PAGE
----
Students holding a teaching assistantship (TA) will typically be assigned to teaching a small class and/or conducting tutorial sessions and/or instructing computer labs. TAs are obliged to demonstrate and maintain a satisfactory level of communication skills and teaching performance. TA duties provide a forum for ongoing development of communication and teaching skills, but presume the student has already achieved a reasonable level of proficiency.
If no problems with communication or teaching arise from student evaluations or faculty concerns, for example, then no remedial action is taken. If a problem with communication skills is detected then a language committee is formed for the student.
If a problem is detected in teaching, the Graduate Advisor deals with it, in conjunction with the faculty member responsible for TA training and evaluation.
Failure to maintain satisfactory communication and teaching can result in the reduction or cancellation of TA ships.
Moreover, the longer a student is a TA, the more is expected by the Department. In particular, by the end of a Ph.D. program a student should be able to teach a course.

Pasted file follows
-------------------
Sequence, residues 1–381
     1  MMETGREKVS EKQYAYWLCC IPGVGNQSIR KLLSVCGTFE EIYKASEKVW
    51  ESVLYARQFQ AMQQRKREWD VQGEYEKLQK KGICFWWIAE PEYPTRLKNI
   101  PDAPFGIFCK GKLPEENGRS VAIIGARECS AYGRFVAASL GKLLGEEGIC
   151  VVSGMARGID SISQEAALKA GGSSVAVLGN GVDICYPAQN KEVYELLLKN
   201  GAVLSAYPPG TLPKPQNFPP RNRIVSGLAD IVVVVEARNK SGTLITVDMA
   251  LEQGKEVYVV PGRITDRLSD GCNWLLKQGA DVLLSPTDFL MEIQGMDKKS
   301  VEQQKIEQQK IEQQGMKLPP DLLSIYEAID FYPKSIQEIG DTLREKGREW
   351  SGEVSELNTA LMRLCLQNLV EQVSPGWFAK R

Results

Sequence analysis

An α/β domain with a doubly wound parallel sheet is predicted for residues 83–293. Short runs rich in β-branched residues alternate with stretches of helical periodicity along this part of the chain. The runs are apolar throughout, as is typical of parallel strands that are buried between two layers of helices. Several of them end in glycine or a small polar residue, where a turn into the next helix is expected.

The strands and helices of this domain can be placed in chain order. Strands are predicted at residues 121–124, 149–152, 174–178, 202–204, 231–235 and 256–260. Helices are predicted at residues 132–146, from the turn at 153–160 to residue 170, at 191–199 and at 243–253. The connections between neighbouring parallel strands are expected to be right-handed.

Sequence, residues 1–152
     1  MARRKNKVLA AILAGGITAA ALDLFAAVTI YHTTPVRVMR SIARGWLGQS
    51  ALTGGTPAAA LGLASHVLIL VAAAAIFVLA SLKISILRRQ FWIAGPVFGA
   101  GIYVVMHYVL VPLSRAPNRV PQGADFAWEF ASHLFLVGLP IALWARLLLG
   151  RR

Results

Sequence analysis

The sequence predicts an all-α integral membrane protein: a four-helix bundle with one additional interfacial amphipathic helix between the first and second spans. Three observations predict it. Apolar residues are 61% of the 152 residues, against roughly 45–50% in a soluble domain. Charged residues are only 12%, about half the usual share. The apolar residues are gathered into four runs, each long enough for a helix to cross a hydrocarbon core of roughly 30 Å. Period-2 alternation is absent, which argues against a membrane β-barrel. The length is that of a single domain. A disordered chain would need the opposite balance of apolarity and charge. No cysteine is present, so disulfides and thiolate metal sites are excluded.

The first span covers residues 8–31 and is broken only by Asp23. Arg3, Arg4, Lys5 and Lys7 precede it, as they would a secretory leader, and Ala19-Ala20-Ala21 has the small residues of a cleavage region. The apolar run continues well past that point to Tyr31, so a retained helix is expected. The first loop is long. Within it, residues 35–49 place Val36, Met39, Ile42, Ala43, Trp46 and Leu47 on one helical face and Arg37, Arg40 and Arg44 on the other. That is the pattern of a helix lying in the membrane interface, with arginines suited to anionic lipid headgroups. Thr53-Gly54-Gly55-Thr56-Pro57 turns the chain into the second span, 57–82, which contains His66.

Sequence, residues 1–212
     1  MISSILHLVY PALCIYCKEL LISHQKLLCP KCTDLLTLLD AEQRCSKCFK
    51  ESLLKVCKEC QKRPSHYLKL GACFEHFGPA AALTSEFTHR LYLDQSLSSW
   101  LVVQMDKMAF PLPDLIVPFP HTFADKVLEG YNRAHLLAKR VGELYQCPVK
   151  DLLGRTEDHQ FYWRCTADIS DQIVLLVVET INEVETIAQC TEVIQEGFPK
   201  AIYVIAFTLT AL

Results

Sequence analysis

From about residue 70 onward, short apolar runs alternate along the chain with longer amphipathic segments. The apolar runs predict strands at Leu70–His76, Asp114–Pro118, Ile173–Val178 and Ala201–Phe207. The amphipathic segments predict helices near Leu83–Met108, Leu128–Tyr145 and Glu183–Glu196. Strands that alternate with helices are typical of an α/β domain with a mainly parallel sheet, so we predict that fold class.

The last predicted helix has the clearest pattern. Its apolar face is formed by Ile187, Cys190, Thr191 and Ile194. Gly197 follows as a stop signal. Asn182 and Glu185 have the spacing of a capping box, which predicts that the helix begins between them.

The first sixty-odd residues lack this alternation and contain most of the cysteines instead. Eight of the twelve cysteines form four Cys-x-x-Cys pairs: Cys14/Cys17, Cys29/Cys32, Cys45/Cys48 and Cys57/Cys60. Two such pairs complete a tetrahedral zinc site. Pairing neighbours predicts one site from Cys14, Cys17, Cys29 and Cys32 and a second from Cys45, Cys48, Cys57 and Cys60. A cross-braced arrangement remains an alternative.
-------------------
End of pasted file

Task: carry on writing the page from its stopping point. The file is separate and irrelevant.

During the academic year, some students receive some financial support as graduate Research Assistants. In the summer months, virtually all students are supported in the role. Research assistantships (RA's) are available from research grants and contracts held by individual faculty members. Typically, entering students do not receive an RA. However, there are ample RA opportunties once a student has demonstrated the necessary statistics, computer and communciation skills. Often RA work will evolve into a thesis or project, leading to publications. RA work is definitely not routine. It is challenging, involving the development of quite a few skills. Through the RA-ship, students learn to work independently. Thus, RA-ships are an integral part of the graduate program learning experience.Recently, students have served as RA's on a variety of research projects. In addition to research supported by individual faculty research grants, students are working with Air Care (the province's automobile emission monitoring agency), with the Environmental Protection Agency on a joint project with Harvard University, with the BC Lung Association on a joint project with researchers in Medicine at UBC, and with the Multiple Sclerosis/MRI study conducted in Medicine at UBC.